“Together with our collaboration partners at Sage, we are proud to announce highly encouraging results from the Phase 3 WATERFALL Study of zuranolone in major depressive disorder. These results represent hope and positive progress for the more than 250 million patients worldwide who are estimated to live with depression,” said Alfred Sandrock, Jr., M.D., Ph.D., Head of Research and Development at Biogen. “Major depressive disorder is a common co-morbidity of many diseases represented in Biogen’s neuroscience portfolio. We believe zuranolone has the potential to offer a unique, first-in-class therapeutic for depression with a distinct benefit-risk profile to people living with this common but serious mental health condition.”

Zuranolone was generally well-tolerated in the WATERFALL Study and demonstrated a safety profile consistent with previous clinical studies. The rate of treatment emergent adverse events (TEAEs) in the zuranolone group was 60.1% (161/268) vs the placebo group at 44.6% (120/269). The majority of the TEAEs were mild to moderate. The most common TEAEs that were ≥ 5% in patients treated with zuranolone (rates vs placebo) included somnolence 15.3% (vs 3.0%), dizziness 13.8% (vs 2.2%), headache 10.8% (vs 7.8%), and sedation 7.5% (vs 0.4%); these events predominantly occurred during the 14-day treatment period. Throughout the study, a total of two patients each (0.7%) reported serious adverse events (SAEs) in the zuranolone and placebo groups; no death occurred in the study. The percent of patients reporting TEAEs leading to drug discontinuation was 3.4% (9/268) and 1.5% (4/269), in the zuranolone and placebo groups, respectively. No signal for withdrawal symptoms as assessed by the 20-item Physician Withdrawal Checklist (PWC-20), or for increased suicidal ideation or behavior as per the Columbia-Suicide Severity Rating Scale (C-SSRS) were identified.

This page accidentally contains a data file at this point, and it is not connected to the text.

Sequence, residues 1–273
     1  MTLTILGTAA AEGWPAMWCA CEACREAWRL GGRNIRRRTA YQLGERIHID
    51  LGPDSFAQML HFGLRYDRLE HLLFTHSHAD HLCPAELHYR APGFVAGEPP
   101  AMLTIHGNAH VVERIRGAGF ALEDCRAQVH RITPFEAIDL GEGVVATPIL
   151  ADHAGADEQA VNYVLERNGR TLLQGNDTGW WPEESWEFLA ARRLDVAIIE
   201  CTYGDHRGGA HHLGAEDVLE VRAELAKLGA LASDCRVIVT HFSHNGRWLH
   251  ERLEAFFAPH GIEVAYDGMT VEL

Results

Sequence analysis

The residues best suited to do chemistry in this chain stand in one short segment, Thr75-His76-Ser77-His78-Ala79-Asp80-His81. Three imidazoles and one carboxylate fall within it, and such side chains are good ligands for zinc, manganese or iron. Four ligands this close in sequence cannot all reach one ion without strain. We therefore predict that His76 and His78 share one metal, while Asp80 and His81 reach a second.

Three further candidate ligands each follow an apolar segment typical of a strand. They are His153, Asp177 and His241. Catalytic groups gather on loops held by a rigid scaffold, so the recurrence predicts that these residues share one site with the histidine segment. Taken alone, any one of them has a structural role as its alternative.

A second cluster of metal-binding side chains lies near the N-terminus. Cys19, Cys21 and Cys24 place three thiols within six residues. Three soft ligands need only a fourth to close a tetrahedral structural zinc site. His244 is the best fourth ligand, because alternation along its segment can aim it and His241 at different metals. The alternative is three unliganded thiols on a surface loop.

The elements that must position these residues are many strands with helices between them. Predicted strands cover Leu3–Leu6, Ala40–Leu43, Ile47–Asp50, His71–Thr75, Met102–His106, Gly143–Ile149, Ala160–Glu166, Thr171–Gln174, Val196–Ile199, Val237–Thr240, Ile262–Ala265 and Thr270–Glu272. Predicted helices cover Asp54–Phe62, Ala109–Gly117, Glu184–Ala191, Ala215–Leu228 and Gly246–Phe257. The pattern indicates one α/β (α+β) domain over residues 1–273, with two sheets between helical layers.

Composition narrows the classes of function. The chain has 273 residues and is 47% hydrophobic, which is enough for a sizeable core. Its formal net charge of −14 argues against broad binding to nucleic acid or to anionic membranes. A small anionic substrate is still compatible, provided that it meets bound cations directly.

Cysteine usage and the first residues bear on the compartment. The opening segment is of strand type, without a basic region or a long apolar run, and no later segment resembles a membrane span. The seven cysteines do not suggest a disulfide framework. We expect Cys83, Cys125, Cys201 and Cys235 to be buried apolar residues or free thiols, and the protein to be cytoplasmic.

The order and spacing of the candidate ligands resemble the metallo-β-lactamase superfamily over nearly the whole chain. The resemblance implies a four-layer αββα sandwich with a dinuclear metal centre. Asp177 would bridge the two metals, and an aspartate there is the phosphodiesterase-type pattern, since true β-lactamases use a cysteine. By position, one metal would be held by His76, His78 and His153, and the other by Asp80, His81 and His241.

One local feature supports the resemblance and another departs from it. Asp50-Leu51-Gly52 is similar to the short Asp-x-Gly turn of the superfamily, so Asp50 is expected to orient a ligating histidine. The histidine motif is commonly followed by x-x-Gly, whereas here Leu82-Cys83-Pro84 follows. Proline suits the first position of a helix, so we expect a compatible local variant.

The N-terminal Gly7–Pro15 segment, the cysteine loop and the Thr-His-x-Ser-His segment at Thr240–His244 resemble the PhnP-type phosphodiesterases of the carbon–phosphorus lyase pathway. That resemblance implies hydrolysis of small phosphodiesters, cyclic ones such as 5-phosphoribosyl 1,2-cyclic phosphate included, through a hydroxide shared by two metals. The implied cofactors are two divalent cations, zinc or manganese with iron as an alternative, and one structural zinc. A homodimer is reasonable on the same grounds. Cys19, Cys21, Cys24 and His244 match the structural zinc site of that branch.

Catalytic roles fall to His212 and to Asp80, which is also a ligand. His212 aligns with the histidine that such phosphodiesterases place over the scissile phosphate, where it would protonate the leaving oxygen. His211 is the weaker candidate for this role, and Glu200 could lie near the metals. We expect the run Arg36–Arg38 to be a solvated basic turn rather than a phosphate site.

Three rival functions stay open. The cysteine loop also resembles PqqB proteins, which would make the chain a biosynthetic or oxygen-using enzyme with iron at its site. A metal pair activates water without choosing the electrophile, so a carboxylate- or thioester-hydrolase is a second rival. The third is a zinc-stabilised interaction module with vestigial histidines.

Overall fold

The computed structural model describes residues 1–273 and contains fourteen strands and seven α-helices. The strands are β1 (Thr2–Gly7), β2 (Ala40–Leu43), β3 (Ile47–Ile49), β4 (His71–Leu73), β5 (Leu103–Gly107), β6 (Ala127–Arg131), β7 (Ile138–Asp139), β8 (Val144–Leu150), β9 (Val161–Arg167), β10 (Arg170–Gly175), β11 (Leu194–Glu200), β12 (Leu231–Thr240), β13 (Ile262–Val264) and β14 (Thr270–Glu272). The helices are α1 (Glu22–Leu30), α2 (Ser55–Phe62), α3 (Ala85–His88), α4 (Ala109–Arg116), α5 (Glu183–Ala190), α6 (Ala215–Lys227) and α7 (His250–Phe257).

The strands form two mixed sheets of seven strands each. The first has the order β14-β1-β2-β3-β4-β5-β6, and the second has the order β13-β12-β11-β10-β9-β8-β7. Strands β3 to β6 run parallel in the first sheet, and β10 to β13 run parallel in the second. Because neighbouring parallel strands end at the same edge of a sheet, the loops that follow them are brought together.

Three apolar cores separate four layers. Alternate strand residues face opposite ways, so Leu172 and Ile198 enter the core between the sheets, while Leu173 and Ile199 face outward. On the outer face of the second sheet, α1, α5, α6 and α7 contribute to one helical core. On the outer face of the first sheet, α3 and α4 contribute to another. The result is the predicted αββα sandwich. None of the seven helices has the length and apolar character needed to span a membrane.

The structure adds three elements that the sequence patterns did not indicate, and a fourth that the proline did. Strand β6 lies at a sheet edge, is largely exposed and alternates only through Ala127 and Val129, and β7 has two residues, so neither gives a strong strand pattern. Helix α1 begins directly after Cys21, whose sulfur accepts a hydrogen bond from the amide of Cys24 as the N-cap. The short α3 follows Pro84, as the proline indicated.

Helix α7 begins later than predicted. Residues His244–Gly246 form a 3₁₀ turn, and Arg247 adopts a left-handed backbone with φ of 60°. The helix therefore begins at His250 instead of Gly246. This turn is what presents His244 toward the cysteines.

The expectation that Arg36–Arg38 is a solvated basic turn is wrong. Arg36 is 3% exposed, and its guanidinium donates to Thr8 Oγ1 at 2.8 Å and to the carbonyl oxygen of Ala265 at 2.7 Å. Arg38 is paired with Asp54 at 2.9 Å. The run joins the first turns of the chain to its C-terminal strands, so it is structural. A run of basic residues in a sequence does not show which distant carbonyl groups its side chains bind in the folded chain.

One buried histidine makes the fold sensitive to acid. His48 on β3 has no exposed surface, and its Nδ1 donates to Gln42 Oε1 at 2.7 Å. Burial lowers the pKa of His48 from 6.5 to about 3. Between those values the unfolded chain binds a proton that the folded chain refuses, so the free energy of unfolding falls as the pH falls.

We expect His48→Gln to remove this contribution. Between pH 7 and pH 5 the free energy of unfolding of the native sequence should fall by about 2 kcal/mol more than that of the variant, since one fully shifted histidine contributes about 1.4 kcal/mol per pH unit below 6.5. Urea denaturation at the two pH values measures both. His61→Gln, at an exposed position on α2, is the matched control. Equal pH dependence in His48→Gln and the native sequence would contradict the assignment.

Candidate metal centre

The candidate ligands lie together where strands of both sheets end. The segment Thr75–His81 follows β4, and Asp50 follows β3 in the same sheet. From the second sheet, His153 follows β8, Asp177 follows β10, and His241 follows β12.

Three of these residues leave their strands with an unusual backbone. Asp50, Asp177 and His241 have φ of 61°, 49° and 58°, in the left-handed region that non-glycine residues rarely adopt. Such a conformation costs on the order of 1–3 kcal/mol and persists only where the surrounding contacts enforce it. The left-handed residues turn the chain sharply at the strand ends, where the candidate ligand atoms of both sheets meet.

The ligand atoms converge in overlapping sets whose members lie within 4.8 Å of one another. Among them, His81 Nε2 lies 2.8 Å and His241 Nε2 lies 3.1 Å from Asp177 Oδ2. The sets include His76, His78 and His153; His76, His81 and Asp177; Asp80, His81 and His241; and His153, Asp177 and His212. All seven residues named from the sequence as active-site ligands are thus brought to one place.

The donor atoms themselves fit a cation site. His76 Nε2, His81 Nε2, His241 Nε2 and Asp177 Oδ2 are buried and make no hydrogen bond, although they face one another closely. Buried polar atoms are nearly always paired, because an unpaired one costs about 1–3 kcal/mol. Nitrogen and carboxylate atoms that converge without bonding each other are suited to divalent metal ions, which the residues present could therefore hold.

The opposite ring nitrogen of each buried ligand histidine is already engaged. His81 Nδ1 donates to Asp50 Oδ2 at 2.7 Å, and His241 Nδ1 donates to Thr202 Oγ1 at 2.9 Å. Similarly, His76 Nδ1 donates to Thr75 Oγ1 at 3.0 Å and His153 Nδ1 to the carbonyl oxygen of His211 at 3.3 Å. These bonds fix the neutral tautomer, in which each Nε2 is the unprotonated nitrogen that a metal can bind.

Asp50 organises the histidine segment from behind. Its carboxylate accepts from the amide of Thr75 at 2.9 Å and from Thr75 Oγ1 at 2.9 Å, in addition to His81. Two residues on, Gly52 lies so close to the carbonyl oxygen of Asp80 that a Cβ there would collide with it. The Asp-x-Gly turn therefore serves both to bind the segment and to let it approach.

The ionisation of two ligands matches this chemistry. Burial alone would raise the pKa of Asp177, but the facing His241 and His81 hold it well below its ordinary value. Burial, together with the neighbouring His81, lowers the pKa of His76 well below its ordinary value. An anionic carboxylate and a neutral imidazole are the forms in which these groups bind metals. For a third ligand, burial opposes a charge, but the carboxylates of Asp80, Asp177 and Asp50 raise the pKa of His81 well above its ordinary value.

“I’m really excited about these breakthrough data: we know MDD is episodic and zuranolone has the potential to treat episodically. The LANDSCAPE clinical studies are all helpful taken together because they provide data on both short- and long-term use of zuranolone,” said Anita H. Clayton, M.D., Chair of Psychiatry and Neurobehavioral Sciences, University of Virginia School of Medicine. “These data suggest that this treatment, if approved, has the potential to work fast with a short-course of therapy that is well-tolerated, with the effect maintained over the long-term. This will empower my patients to think differently about their depression and treatment, and to rapidly return to their life. Depression is not an identity, it’s an episodic disorder that we hope in the future to be able to treat quickly with treatments that are well-tolerated and with benefits that last.”